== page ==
Symbolism In Kurt Vonnegut's Slaughterhouse-Five

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Kurt Vonnegut’s “Slaughterhouse-Five” tells the story of Billy Pilgrim, a decidedly non- heroic man who had become "unstuck in time”. The two central events in his life that he keeps returning to are his abduction by aliens from the planet Tralfamadore and his time as a soldier and prisoner of war during World War II, during which he witnesses the allied firebombing of the city of Dresden, Germany and as a result, more death than he had ever known possible.Through the forms of figurative language such as imagery and symbolism, in Kurt Vonnegut's anti-war novel “Slaughterhouse-Five” the author establishes the theme that due to the absence of free will and the inevitability of events, there is little reason to be concerned about death. Vonnegut …show more content…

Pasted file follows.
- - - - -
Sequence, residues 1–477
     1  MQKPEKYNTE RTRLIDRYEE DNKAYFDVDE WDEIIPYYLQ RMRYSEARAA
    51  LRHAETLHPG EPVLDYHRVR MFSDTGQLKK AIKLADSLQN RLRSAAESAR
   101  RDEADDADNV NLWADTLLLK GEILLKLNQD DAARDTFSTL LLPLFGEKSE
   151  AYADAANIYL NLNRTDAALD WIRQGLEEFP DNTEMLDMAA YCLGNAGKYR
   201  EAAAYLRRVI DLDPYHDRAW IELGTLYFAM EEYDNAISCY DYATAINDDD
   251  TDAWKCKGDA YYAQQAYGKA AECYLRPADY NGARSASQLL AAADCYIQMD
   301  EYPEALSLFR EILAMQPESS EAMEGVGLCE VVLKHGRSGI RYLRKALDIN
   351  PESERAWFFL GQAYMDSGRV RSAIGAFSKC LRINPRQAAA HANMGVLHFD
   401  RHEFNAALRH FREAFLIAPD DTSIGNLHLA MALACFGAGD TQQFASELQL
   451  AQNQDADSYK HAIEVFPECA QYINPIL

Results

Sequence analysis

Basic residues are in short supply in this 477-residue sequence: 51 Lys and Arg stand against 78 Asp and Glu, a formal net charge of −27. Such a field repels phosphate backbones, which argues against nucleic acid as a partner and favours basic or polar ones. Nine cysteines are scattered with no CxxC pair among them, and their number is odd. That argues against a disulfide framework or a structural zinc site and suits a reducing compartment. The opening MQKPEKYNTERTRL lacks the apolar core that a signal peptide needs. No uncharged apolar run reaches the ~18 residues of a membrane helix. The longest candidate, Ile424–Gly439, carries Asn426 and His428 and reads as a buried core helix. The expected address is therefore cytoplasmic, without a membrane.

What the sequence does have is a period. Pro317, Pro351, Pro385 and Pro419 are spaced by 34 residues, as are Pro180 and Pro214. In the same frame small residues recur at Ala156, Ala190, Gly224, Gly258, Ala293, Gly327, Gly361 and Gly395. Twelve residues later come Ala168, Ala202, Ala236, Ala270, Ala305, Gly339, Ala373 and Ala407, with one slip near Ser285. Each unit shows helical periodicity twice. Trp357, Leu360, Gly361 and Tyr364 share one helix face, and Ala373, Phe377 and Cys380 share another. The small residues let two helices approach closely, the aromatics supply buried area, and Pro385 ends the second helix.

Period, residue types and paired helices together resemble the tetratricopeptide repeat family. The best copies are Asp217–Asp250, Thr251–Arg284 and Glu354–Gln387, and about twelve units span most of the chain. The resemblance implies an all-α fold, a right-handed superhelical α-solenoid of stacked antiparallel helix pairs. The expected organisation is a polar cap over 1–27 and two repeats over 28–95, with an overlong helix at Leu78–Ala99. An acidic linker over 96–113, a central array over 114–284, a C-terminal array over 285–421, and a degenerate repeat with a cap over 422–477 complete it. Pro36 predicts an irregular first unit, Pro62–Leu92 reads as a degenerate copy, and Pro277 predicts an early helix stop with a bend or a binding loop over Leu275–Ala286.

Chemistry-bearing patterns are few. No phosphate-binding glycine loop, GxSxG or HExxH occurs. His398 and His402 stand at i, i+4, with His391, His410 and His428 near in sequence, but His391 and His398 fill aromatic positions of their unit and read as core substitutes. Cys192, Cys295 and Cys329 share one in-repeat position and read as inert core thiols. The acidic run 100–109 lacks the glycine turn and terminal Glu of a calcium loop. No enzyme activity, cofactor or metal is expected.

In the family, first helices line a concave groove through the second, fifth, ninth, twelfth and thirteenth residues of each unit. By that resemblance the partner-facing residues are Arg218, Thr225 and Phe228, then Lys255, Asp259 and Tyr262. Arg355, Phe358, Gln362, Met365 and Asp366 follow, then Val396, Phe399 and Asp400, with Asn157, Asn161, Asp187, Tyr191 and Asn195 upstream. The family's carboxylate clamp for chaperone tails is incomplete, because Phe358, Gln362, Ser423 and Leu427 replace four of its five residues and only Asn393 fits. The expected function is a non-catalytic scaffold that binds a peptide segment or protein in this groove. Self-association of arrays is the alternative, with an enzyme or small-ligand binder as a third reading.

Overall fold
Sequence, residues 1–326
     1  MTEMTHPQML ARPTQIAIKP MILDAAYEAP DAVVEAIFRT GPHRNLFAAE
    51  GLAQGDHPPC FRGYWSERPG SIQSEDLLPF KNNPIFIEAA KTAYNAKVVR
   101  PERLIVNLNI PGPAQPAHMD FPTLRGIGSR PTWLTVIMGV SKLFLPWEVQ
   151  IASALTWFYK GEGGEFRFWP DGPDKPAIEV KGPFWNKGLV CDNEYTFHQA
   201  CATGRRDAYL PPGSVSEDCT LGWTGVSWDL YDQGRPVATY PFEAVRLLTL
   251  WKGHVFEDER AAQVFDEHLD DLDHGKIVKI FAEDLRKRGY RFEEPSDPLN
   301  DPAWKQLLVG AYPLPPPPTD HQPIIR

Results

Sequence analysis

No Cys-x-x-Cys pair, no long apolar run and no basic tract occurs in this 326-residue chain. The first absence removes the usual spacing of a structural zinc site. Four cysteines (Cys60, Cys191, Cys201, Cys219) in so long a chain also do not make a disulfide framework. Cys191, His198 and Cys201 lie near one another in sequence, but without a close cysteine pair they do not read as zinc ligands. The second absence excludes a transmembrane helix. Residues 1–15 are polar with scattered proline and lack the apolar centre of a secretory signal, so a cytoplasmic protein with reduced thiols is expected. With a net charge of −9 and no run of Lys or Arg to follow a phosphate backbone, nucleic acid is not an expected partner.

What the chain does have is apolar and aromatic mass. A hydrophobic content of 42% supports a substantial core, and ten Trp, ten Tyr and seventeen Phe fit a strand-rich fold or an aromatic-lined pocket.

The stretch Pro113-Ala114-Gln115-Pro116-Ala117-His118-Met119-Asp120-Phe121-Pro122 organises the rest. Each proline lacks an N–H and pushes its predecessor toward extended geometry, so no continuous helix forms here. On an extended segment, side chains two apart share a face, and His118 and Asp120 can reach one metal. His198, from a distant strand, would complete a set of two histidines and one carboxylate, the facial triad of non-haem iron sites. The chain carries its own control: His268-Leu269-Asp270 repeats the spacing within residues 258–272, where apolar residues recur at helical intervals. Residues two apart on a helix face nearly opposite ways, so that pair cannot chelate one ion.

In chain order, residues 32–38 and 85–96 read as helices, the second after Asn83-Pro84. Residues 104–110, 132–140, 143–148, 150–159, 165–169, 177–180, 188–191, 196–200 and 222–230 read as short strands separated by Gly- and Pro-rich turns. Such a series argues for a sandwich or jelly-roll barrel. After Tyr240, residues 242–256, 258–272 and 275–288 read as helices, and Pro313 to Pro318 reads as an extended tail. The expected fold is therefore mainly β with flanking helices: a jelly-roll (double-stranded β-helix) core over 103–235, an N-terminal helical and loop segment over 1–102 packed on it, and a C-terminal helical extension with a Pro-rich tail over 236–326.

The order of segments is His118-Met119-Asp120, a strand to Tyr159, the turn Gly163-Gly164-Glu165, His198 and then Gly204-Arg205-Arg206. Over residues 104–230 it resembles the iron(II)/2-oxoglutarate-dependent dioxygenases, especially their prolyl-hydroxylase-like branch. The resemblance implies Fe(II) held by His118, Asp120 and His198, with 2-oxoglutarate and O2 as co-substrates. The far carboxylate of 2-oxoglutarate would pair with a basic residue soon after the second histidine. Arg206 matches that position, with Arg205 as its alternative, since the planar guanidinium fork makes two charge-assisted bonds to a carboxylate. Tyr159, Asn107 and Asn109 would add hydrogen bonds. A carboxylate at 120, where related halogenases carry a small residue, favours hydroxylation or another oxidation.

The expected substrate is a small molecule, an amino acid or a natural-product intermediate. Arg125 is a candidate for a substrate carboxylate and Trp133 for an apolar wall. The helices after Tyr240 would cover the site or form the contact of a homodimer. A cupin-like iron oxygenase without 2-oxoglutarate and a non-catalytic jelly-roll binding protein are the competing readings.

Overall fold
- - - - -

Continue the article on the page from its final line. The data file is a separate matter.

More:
Examples of symbolism are littered throughout the novel with the intentions of making signs of death seem ordinary. One example of symbolism that serves that purpose is found in Billy. Whenever Billy becomes cold, his feet are described as “blue and ivory”(Vonnegut). The phrase “ blue and ivory” is also used to describe Billy’s hands as he grips a bar inside the boxcar used to take him and the other prisoners of war to Germany and the feet of a hobo lying dead outside the train that will take Billy to Dresden. These cold and corpse like colors help to suggest the thin boundary between life and death. It creates the idea that even when we are alive we can take on characteristics of death. This shows the reader that death and aspects of death are an everyday circumstance which reduces the taboo elements associated with death. Another example of symbolism that develops the theme is the famous phrase “So it goes”(Vonnegut) which is used over one hundred times throughout the novel. The phrase “So it goes” follows every mention of death in the book, thus equalizing all of them. Every cause of death in the book is different whether it is natural, accidental, intentional, occurs in large numbers simultaneously, or occurs on a very personal level. The constant repetition of “So it goes” makes readers ask themselves about the meaning of death, or lack thereof, and the incalculable human costs of war. It serves as a constant reminder of the randomness of death and can come to anyone at any

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